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  1. #11
    Mark Fisher's Avatar
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    I'm a bit backwards compared to the rest of the world. I love 35mm for the gritty, big grained look you can get out of it.......Tri-X and Rodinal then lith printed. I shoot larger formats I shoot Acros to get fine grain and wonderful mid-tones. Either one can look great printed big, although I don't go past about 12x18 on 16x20 paper simply because my my trays aren't any bigger!

  2. #12
    hpulley's Avatar
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    I love Delta 100 35mm printed on 11x14" and if I had a bigger easel and trays I bet 16x20" would look good too, maybe more. It is very sharp and the grain is quite small so there is lots of detail and good tonality as well.

    It's about viewing distance too, Delta 3200 on 8x10 has obvious grain when held up to your face but on a wall or a desk the grain melts into the background. At the same time I find grain pleasing in the right shots so sometimes a nice big gritty enlargement is just what you need.
    Harry Pulley - Visit the BLIND PRINT EXCHANGE FORUM

    Happiness is...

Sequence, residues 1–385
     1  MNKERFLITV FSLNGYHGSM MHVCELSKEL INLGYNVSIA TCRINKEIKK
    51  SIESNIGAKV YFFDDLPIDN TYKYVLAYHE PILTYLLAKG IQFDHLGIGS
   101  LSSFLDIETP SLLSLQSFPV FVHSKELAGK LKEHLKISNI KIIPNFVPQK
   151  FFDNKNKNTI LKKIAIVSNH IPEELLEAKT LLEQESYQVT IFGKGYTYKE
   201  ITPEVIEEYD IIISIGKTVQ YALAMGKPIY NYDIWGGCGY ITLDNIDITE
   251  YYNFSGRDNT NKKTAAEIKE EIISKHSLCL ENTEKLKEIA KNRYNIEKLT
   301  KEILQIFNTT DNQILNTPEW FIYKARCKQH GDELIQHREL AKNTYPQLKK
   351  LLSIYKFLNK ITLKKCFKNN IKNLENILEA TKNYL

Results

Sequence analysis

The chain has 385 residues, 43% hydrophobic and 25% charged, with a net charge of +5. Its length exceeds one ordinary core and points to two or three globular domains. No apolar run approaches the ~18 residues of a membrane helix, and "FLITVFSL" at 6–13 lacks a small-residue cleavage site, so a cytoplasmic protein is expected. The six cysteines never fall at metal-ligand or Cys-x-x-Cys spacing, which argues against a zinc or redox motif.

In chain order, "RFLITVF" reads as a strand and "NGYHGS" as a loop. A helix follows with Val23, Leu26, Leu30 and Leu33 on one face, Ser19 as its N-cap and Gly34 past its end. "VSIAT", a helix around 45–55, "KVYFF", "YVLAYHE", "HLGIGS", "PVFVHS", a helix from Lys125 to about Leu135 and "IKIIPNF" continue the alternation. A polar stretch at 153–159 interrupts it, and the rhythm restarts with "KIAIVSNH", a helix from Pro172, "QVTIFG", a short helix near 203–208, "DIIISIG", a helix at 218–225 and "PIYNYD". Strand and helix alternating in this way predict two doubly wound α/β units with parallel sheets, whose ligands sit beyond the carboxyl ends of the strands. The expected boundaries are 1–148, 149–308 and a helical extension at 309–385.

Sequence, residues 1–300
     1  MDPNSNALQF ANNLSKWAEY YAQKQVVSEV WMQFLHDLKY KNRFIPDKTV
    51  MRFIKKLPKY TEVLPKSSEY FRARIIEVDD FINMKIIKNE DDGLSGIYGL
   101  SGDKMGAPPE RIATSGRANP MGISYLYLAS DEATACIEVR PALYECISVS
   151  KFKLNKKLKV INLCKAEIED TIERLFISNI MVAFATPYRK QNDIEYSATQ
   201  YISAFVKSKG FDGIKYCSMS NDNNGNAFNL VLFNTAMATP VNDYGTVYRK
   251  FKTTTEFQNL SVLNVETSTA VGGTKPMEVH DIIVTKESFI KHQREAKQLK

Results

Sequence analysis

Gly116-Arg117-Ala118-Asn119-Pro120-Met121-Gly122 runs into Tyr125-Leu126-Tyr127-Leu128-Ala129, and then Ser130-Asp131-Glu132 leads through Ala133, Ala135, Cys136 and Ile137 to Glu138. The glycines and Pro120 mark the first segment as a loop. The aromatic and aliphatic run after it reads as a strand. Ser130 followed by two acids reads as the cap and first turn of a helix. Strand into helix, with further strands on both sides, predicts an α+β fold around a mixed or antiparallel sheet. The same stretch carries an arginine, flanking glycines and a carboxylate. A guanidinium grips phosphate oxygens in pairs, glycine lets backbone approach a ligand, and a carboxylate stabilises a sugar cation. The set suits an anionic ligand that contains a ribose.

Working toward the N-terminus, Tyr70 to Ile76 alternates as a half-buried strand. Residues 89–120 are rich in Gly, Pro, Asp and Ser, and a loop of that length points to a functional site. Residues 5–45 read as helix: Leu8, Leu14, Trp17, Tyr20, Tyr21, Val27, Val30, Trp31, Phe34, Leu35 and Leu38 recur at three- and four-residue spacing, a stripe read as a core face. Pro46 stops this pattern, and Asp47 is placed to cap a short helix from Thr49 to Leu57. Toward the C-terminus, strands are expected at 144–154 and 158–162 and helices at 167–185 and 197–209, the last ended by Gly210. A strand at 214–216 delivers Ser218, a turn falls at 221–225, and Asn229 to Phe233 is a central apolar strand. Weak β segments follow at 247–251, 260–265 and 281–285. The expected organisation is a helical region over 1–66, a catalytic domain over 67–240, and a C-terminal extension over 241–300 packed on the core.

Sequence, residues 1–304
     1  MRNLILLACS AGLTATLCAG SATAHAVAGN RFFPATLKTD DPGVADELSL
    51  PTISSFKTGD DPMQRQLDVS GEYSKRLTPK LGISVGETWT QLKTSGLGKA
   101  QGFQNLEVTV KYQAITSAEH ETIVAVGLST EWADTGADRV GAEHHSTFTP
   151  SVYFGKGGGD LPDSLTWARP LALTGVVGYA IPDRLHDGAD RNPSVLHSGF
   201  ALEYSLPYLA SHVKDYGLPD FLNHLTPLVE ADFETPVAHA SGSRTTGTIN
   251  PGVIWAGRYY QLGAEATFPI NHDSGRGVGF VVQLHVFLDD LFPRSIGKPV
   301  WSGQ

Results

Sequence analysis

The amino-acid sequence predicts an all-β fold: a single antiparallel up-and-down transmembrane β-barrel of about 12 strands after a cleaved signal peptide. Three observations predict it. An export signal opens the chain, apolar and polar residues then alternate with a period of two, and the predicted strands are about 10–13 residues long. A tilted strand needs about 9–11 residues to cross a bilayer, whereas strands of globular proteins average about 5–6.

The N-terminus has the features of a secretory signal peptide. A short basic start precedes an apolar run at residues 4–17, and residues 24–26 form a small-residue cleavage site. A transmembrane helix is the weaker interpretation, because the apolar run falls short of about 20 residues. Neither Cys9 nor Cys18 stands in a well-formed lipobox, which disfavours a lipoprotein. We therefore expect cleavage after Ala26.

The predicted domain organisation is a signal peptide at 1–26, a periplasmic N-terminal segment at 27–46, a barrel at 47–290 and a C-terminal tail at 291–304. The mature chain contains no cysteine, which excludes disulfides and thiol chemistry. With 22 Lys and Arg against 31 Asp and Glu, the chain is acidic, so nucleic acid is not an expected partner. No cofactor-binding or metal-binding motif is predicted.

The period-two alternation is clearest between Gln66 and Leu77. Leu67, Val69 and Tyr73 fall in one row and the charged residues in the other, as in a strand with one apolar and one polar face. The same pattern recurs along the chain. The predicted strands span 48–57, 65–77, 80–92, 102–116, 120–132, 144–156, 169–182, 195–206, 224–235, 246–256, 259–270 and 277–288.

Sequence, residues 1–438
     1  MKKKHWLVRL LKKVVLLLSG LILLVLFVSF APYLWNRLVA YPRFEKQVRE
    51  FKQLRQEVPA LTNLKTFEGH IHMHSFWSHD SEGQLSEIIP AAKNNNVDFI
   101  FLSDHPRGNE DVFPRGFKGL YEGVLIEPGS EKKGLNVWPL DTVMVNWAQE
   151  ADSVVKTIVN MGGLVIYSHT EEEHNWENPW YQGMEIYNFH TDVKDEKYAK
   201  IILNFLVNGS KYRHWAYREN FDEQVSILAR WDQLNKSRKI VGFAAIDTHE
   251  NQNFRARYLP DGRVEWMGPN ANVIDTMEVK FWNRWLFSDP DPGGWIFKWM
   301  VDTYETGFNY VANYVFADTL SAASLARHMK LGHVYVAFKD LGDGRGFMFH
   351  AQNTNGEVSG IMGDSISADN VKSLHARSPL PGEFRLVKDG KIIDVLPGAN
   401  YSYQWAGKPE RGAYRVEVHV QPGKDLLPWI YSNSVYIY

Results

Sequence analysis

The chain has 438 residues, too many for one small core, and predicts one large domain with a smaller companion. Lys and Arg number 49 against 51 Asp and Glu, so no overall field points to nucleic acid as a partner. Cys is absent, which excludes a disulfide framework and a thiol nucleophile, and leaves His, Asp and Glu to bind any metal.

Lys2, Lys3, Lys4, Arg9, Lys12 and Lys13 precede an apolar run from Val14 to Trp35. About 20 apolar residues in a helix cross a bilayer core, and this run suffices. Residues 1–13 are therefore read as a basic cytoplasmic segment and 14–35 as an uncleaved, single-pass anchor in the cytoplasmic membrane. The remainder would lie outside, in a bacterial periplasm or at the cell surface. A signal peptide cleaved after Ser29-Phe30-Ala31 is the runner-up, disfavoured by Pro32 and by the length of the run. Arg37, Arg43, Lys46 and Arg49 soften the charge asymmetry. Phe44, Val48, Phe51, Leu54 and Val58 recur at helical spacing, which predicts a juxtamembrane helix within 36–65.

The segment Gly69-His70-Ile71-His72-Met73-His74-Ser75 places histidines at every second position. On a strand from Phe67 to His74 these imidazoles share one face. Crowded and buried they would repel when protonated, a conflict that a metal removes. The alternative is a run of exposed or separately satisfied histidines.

3. #13

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    I should have mentioned in my previous post that I love grain...

  4. #14
    Ken Nadvornick's Avatar
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    I consider 5x7.5 inches to be my maximum. These are miniature negatives, after all. My normal is 2x to 4x magnifications, with only 35mm exceeding that. By that standard nothing smaller than 4x5 negatives may be used for 16x20 inch prints. But then, I love the look of 8x10 contact prints.

    Ken
    "They are the proof that something was there and no longer is. Like a stain. And the stillness of them is boggling. You can turn away but when you come back they’ll still be there looking at you."

    — Diane Arbus, March 15, 1971, in response to a request for a brief statement about photographs

  5. #15
    2F/2F's Avatar
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    You need to name your evaluation criteria for a print in order to get a meaningful answer. Any piece of film can be blown up as large as is physically possible with ones darkroom equipment.

    My standard sizes for prints from 35mm (in inches) are 6x9 and 8x12. I also do 10x15, 12x18, and 4x6 sometimes. (2x3 is fun too, but a P.I.T.A. I really like the cute 2x3 speed easels. ) However, my standard print sizes have nothing to do with "image quality." They have to do with the size of prints that I want for the picture at hand. If "image quality" is really an important part of what I am after with a picture, I don't even consider using 35mm.
    Last edited by 2F/2F; 11-23-2010 at 02:17 AM. Click to view previous post history.
    2F/2F

    "Truth and love are my law and worship. Form and conscience are my manifestation and guide. Nature and peace are my shelter and companions. Order is my attitude. Beauty and perfection are my attack."

    - Rob Tyner (1944 - 1991)

  6. #16
    Jerevan's Avatar